We all love food. As a society, we devour countless cooking shows, culinary magazines and foodie blogs. So how could we possibly be throwing nearly 50% of it in the trash? Filmmakers and ... See full summary »
This documentary takes a piercing investigative look at the economic, political and ecological implications of the worldwide disappearance of the honeybee. The film examines our current ... See full summary »
Today in the United States, by the simple acts of feeding ourselves, we are unwittingly participating in the largest experiment ever conducted on human beings. Each of us unknowingly ... See full summary »
Vegucated is a guerrilla-style documentary that follows three meat- and cheese-loving New Yorkers who agree to adopt a vegan diet for six weeks and learn what it's all about. They have no ... See full summary »
Marisa Miller Wolfson
Marisa Miller Wolfson,
OUR DAILY BREAD is a wide-screen tableau of a feast which isn't always easy to digest - and in which we all take part. A pure, meticulous and high-end film experience that enables the audience to form their own ideas.
Claus Hansen Petz,
King Corn is a feature documentary about two friends, one acre of corn, and the subsidized crop that drives our fast-food nation. In King Corn, Ian Cheney and Curt Ellis, best friends from ... See full summary »
For most of the world, consumption has been the unquestioned duty of every individual. Then garbage activist Annie Leonard brought her two-hour lecture to Free Range who helped her turn it ... See full summary »
The fact of the matter is that if only I change, it's not going to make a difference, but the hope is that if each of us as individuals change, it's going to inspire everybody to change. So I believe the most radical political act there is, is to be an optimist. The most radical political act there is, is to believe that if I change, other people will follow suit.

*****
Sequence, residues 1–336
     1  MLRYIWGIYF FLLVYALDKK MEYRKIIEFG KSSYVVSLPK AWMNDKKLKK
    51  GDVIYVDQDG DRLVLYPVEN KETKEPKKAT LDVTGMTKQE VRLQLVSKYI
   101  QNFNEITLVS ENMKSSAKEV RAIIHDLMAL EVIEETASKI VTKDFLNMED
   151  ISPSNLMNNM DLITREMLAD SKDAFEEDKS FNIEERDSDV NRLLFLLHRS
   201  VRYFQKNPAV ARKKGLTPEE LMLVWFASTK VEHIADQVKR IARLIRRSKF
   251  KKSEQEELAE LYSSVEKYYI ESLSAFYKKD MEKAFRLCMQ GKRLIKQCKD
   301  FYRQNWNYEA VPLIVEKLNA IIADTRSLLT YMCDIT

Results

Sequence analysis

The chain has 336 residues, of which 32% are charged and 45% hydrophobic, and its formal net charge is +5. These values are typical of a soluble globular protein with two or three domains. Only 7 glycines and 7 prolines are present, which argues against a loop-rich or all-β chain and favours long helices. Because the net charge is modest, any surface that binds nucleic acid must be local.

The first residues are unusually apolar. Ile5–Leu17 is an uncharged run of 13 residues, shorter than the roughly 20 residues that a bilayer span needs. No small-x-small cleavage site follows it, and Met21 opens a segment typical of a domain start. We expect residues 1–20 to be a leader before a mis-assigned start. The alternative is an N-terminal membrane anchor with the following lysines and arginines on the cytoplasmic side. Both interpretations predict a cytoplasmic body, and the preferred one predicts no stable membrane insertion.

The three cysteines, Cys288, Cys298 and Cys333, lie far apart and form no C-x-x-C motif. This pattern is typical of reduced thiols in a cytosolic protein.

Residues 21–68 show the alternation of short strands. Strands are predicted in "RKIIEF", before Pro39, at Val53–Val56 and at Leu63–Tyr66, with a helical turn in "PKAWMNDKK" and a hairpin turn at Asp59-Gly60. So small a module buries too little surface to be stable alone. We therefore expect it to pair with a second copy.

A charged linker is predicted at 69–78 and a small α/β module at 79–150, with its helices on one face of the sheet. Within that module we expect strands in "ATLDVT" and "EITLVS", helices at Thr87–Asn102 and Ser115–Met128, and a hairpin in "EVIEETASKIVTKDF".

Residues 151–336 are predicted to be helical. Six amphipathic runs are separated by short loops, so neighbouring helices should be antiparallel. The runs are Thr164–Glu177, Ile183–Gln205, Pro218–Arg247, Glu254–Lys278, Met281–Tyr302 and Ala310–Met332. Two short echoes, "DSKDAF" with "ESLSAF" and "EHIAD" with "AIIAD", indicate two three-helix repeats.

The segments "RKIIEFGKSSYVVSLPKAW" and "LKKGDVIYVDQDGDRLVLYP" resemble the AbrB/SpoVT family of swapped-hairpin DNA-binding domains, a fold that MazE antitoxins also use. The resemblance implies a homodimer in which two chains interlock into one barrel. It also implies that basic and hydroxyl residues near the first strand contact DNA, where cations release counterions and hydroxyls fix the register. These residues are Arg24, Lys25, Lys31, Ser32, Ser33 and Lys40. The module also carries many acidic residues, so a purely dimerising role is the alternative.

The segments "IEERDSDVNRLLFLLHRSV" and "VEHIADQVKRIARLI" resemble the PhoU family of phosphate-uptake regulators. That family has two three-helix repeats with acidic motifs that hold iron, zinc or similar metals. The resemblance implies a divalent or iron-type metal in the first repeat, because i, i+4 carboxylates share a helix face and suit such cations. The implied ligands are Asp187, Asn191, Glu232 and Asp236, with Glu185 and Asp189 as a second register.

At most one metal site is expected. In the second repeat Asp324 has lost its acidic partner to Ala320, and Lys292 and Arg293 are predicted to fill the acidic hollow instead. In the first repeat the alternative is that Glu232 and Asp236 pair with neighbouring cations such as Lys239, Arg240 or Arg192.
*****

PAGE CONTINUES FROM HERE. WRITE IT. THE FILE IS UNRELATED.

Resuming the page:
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It was nice seeing how a family could completely change their lifestyle for a year and watching the progress of their journey seemed heartfelt and honest. The whole process was not just a straight up breeze in the park. It took effort and lots of adaptation. Colin and Michelle seemed real and maybe even relatable. I loved Colin's determination and will-power to do as much as he could to leave no impact. Michelle seemed to try so hard to support Colin and follow along with his intense eco-friendly ways.
Some of the eco-friendly mechanisms that they used seemed crazy for any normal consumer, but it was interesting to see their quest and attempt at conquering their goal to not leave an impact. I felt that throughout the movie, there were some really insightful perspectives regarding the experiment and techniques.
After watching the movie, I was about to eat dinner and started feeling really bad about cooking the noodles wrapped in plastic and using that paper napkin that I would soon throw in the trash can without a second thought. The movie definitely had an impact on me and left me thinking about my actions way after I finished watching the documentary.
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